Database Administration
sql-server sql-server-2016 csv
Updated Thu, 14 Jul 2022 09:12:57 GMT

Import daily csv with varying available headers

I receive a csv daily from an external company capturing feedback for us.

Unhelpfully the csv headings vary. There could be any combination of headers. For example:

day1: heading1, heading2, heading3, heading4, heading5

day2: heading1, heading2, heading4, heading6

day3: heading1, heading2, heading7, heading8

day4: heading1, heading2, heading3, heading4, heading5

We have 18 months (no one has done anything with this data until now) of backlog files and so far I have found 22 different combinations...

I know what all the potential headings will be so I can have an SQL table that contains all the appropriate columns but I am struggling to handle the variance for import.

Is there a way to handle this in SSIS? I have looked at bcp and openrowset but I can't seem to make it work.

As this file is received daily I want an sql job that imports them to my table for reporting. I can only create an SSIS package that will import a fixed flat file but I need it to be dynamic. Worst case scenario would be to have 22+ different SSIS packages and run a specific 1 for the given headings available but then I would need a way of automatically reading the structure of the csv to decide which package to use.

I'm lost, so does anyone have any direction?

SQL 2016 (13.0.5622.0)

Many thanks


Consider a simplified scenario with two different files, each containing different subsets of data.





Now, we can use PowerShell to import the file, Select columns into a known, consistent number & order, then export it back to a csv with predictable files:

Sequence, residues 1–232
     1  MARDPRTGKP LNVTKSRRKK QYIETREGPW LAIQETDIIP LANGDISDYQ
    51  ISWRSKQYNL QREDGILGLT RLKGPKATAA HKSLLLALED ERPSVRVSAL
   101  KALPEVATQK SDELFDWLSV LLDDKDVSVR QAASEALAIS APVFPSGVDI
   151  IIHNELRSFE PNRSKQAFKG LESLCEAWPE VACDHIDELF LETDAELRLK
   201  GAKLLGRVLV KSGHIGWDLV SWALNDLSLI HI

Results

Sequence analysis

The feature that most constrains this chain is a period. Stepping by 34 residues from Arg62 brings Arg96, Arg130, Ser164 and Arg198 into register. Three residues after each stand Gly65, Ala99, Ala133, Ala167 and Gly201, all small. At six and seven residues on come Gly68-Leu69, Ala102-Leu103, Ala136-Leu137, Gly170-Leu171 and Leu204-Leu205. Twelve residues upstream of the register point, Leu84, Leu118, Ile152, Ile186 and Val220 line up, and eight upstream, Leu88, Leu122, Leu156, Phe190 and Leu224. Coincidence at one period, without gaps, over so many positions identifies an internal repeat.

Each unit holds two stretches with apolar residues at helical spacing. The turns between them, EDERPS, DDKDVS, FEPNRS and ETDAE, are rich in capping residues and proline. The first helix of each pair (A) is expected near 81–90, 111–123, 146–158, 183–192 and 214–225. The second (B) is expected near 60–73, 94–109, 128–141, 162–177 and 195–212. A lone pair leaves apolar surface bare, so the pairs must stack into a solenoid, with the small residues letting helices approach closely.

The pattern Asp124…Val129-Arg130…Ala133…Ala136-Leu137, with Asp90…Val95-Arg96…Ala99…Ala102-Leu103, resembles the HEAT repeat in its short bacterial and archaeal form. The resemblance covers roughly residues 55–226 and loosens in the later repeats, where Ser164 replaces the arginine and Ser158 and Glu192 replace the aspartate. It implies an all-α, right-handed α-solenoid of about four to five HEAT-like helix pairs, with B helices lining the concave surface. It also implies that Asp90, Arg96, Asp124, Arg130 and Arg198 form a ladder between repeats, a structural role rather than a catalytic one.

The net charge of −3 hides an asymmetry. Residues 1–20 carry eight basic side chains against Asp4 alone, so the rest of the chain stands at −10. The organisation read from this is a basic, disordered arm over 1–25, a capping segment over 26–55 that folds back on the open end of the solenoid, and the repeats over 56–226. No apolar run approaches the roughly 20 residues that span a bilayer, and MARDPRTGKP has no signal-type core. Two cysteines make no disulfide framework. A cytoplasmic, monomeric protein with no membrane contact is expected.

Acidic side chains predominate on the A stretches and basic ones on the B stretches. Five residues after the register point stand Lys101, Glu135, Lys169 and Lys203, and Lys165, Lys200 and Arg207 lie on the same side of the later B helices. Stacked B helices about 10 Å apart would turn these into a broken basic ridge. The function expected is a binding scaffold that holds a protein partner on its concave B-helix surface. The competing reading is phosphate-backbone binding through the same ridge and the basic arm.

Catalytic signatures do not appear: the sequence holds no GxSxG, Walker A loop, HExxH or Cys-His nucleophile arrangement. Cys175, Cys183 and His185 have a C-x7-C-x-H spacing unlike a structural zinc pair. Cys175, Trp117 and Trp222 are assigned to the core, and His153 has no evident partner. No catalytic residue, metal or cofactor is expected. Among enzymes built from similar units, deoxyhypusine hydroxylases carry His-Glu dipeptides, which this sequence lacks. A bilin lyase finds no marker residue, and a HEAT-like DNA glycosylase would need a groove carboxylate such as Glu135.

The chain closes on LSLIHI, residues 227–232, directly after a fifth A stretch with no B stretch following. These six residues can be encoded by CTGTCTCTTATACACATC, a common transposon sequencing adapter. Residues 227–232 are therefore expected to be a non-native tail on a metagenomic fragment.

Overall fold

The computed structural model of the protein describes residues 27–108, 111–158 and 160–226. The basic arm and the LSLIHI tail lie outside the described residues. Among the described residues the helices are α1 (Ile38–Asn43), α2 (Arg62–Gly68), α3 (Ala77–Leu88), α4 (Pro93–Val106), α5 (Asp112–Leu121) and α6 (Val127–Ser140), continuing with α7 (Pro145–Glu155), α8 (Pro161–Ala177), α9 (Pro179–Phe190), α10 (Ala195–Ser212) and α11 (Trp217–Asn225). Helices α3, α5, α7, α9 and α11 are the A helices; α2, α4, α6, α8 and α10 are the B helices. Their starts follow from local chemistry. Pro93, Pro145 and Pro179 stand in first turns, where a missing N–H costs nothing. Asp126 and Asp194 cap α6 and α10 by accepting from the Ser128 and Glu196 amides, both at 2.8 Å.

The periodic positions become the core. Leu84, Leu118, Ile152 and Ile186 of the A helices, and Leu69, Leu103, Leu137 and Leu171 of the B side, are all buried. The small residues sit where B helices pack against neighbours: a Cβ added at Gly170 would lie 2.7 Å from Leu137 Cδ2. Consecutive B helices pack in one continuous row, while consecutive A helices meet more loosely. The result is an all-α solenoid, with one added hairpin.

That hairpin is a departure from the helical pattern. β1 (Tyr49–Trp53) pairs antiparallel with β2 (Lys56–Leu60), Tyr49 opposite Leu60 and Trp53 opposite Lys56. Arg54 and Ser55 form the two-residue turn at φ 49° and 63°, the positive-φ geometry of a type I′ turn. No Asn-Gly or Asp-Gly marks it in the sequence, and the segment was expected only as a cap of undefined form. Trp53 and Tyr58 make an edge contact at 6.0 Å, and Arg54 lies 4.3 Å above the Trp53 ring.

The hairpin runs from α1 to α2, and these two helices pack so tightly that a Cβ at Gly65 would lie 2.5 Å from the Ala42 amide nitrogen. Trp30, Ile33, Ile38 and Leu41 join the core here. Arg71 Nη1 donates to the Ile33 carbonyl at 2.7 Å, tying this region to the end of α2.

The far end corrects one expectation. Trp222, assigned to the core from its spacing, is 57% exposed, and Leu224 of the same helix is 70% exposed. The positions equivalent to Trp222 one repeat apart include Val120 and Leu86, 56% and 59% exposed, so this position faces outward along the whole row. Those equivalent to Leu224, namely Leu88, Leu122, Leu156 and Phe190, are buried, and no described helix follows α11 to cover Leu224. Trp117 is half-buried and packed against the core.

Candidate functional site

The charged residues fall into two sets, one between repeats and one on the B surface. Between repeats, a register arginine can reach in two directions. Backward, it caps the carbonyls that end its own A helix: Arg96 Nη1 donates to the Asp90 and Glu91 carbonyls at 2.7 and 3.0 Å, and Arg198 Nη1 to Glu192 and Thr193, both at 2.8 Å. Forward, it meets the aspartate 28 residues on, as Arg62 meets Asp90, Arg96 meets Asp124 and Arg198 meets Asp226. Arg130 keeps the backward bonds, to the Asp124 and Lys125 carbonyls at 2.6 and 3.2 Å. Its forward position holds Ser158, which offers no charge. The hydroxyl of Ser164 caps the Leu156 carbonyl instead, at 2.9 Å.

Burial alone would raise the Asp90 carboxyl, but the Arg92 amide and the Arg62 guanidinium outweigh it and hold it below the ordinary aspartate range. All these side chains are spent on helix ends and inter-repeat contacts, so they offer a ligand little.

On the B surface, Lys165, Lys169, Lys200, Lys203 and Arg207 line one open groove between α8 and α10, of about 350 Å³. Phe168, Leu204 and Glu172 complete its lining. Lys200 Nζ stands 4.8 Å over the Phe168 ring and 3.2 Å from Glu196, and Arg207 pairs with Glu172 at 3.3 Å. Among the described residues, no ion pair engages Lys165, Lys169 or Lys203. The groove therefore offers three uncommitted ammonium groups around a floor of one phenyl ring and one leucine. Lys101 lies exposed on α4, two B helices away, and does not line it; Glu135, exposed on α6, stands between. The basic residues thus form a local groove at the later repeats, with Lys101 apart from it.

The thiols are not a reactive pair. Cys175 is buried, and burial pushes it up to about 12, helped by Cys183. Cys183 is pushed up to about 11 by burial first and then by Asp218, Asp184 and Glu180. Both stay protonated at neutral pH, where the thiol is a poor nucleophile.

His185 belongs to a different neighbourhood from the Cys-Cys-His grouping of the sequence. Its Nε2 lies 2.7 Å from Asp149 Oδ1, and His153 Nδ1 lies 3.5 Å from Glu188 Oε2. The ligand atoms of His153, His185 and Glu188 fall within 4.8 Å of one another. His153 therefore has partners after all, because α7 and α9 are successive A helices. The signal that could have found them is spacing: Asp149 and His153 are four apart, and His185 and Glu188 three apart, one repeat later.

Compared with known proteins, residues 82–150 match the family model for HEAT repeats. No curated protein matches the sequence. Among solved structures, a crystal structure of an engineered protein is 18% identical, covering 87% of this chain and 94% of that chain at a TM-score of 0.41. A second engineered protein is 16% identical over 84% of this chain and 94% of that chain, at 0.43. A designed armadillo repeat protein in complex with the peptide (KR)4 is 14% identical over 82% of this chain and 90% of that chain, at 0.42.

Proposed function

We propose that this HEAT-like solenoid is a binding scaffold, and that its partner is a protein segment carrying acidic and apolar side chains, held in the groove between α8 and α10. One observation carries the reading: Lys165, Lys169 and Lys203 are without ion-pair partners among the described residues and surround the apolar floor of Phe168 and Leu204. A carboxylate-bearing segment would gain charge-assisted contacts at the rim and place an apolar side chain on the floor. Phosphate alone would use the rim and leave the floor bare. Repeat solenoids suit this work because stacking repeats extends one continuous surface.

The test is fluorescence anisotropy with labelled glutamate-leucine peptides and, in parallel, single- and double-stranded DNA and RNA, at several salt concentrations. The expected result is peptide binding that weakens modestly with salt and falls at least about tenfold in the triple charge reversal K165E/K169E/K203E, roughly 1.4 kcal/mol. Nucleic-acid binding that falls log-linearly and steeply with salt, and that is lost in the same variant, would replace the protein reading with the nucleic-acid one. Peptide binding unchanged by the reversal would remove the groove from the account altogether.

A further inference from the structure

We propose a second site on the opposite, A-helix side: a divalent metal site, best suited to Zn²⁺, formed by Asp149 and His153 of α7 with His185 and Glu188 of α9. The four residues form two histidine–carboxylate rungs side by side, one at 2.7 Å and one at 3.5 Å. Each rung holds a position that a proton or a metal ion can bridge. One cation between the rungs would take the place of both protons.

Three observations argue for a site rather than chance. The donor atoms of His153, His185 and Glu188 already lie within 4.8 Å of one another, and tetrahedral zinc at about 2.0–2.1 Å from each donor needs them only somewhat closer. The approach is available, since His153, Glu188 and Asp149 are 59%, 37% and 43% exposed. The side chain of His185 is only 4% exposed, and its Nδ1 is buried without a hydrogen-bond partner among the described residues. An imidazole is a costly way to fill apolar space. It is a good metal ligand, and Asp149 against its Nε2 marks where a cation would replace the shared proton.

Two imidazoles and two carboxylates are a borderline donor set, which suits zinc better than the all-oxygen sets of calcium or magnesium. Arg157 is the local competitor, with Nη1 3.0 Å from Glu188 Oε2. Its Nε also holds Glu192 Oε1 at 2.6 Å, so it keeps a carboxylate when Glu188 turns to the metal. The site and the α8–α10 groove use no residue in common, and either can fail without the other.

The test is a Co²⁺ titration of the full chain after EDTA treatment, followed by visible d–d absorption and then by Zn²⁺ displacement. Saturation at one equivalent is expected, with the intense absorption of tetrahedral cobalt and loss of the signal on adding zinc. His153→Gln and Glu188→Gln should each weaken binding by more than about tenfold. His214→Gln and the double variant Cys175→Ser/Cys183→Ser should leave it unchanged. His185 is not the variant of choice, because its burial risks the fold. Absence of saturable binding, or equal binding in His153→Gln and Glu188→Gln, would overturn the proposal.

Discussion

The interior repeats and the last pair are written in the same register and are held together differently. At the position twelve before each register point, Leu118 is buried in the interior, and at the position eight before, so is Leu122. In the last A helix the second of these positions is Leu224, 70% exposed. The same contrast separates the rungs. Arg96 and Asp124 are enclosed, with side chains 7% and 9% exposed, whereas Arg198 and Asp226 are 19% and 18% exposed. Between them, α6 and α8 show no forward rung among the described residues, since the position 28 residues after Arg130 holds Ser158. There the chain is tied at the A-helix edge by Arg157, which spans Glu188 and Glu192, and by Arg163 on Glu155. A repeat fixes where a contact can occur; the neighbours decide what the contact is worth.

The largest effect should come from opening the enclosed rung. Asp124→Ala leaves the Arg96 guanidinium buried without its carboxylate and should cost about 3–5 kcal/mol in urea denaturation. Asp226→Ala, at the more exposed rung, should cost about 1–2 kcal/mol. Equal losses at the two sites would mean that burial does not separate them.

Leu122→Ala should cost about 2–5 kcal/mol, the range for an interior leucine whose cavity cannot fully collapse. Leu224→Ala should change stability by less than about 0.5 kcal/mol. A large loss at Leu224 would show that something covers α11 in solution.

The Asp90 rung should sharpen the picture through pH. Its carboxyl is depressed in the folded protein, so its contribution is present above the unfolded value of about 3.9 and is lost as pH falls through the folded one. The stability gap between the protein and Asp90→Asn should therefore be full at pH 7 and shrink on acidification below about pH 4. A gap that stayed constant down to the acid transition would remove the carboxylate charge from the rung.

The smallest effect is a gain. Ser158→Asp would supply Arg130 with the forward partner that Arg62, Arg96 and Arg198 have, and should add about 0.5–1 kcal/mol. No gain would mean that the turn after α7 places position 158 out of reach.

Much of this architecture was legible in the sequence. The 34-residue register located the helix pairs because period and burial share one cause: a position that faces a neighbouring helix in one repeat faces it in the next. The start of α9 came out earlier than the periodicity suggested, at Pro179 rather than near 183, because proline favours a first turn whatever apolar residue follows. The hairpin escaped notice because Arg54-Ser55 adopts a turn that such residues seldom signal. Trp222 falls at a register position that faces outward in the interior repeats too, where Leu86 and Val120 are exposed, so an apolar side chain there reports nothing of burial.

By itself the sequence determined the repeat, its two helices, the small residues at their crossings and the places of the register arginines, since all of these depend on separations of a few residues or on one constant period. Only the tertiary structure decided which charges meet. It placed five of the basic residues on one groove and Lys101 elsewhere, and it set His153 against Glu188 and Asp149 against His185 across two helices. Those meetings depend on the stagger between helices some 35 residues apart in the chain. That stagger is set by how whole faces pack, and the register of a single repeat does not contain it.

Import-Csv abc.csv | Select a,b,c,d,e,f,g | Export-Csv abc_cleansed.csv -NoTypeInformation
Import-Csv abd.csv | Select a,b,c,d,e,f,g | Export-Csv abd_cleansed.csv -NoTypeInformation

This will produce two new files that have a common, predictable file format.





Note: I omitted double-quotes on my initial csv files, and PowerShell has also helpfully added them in. You could remove them, but IMHO this is definitely a beneficial feature for data quality.

Now, you can simply build a data pipeline where you take an input file, do conversion to cleanse the format, then pick up those cleansed files to import them. Depending on your process, you could do this all within a single SSIS package, or build separate data cleansing/data importing processes.

Comments (3)

  • +0 – hey! didja know about -UseQuotes AsNeeded? It's a game changer — Sep 29, 2020 at 15:53  
  • +0 – I low key hate when quotes are only used when needed. I prefer them to be there all the time, thus pretending I have no idea what you are talking about, @PeterVandivier. — Sep 29, 2020 at 16:06  
  • +0 – This is working perfectly. Good explanation. Thanks — Sep 30, 2020 at 12:52